“You have people selling $100 per month worth of inventory, and you have others selling $1 million,” says How, “so the challenge for us is to build the right tool for each segment, and understand their needs.”

{advertisement} Terapeak’s new partner, with more than 21 million monthly auction listings attracting 230 million unique browsers, is bigger than eBay and Amazon.com in Japan. Its vice-president of e-commerce, Koichi Imamura, and four other executives travelled from Tokyo for the signing ceremony.

“This is just the beginning,” Imamura tells Douglas through an interpreter. “There are so many things we have ahead of us. Terapeak and Yahoo Japan will be able to work effectively as partners and grow together.”

The alliance with Yahoo Japan represents Terapeak’s first international partnership outside of its relationship with eBay.

“For the first seven years of the company,” says How, “we were predominantly focused on one marketplace, a very large domestic marketplace: eBay. This partnership … it’s taking us to a global opportunity. We’ve picked the ideal partner in Yahoo Japan.”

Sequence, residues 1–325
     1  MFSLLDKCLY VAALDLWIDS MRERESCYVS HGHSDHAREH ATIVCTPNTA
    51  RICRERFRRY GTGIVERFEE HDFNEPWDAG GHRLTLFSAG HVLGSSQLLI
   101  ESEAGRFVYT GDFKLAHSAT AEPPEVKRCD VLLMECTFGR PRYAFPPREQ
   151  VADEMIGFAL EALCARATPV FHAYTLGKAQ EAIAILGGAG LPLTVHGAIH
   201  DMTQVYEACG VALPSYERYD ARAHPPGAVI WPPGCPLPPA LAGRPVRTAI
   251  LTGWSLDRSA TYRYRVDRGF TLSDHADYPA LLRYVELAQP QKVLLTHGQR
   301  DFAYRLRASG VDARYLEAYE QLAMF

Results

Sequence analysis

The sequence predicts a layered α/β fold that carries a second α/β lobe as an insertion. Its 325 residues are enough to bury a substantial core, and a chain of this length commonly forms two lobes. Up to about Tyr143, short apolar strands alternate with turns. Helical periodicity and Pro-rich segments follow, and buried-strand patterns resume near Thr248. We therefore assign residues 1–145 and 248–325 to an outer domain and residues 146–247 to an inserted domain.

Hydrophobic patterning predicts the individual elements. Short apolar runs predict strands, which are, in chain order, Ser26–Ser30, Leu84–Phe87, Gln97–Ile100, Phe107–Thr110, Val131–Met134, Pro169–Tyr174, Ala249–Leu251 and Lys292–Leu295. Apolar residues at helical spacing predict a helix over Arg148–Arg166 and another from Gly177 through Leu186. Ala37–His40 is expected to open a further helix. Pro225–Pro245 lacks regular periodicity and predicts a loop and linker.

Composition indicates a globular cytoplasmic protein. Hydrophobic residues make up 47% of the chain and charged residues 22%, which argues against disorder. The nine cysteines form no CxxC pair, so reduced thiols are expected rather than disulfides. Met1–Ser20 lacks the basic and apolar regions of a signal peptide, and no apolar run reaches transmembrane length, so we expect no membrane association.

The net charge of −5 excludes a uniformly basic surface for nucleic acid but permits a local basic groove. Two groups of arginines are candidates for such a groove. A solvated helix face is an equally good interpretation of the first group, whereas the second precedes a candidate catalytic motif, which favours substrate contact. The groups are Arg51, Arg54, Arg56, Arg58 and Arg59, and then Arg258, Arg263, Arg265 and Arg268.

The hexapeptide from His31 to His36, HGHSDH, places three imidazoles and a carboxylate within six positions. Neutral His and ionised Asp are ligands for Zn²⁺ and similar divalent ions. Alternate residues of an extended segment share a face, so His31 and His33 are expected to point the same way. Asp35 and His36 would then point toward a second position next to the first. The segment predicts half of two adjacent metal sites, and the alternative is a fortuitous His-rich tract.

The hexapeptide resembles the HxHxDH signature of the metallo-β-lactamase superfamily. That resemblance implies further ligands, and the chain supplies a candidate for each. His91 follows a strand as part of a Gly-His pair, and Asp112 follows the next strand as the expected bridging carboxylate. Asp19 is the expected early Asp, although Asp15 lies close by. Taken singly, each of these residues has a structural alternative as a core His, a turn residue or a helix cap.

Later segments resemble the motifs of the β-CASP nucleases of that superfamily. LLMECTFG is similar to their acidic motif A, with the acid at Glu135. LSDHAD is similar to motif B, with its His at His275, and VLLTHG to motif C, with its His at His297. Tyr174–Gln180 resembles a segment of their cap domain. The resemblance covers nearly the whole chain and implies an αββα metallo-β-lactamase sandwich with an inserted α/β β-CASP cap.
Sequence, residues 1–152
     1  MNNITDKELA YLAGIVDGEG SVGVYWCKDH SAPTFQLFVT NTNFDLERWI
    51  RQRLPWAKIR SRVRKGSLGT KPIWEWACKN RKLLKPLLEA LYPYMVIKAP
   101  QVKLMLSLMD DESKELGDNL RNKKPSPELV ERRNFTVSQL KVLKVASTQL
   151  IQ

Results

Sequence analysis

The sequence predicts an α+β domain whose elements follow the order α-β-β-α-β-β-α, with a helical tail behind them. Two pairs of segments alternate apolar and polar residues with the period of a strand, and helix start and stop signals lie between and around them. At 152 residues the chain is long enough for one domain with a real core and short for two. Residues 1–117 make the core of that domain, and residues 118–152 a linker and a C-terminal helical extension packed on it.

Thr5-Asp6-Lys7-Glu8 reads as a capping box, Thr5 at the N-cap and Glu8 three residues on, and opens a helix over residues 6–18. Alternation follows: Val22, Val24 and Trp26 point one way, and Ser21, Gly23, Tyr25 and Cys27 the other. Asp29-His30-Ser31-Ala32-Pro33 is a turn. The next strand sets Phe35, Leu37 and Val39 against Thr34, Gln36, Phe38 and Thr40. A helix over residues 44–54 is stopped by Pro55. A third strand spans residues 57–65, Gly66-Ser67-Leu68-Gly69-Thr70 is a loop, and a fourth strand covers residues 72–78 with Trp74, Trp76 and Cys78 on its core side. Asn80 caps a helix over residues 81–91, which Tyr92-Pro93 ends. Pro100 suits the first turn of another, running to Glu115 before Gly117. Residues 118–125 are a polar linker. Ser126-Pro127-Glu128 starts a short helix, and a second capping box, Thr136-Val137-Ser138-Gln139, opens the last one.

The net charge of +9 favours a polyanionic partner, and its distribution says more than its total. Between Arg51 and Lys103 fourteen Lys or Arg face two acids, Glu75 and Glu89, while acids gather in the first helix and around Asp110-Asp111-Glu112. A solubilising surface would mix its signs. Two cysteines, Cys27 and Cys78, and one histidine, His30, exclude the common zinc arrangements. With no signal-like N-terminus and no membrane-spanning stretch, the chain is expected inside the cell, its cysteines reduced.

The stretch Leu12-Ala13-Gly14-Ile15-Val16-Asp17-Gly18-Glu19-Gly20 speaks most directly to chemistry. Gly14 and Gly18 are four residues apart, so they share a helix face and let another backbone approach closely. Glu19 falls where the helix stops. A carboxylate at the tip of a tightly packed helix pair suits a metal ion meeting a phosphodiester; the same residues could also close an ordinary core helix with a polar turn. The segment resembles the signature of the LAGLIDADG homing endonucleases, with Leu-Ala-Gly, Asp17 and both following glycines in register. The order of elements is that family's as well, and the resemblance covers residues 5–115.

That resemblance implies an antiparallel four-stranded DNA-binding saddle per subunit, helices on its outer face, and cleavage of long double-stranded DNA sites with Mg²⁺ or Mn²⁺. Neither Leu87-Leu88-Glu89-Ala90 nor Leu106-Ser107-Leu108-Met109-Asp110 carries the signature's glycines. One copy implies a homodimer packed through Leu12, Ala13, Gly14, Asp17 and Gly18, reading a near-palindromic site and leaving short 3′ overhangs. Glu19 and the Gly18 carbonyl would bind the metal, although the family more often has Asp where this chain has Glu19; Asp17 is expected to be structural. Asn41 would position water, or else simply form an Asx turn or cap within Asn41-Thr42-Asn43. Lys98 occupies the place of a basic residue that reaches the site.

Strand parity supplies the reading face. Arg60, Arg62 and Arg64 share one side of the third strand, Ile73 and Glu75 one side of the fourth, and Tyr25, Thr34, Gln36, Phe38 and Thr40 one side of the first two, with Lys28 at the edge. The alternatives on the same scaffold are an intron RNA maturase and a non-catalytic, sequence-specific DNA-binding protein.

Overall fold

It may be Terapeak’s first international partnership, but it likely won’t be the last, says How. “We have a pipeline of international partners that we’re currently in discussions with, and our goal is to launch several new partnerships over the next 24 months.”

How says despite the geographic distance and language barrier, the deal with Yahoo Japan came together smoothly. “Particularly in the Internet and web-based market space, a lot of cultural barriers dissipate because we’re all kind of on ‘Internet time.’ A lot of the engagement is very natural and comfortable, and I’ve been impressed and surprised by that. There’s a very strong, positive connection between the two companies.”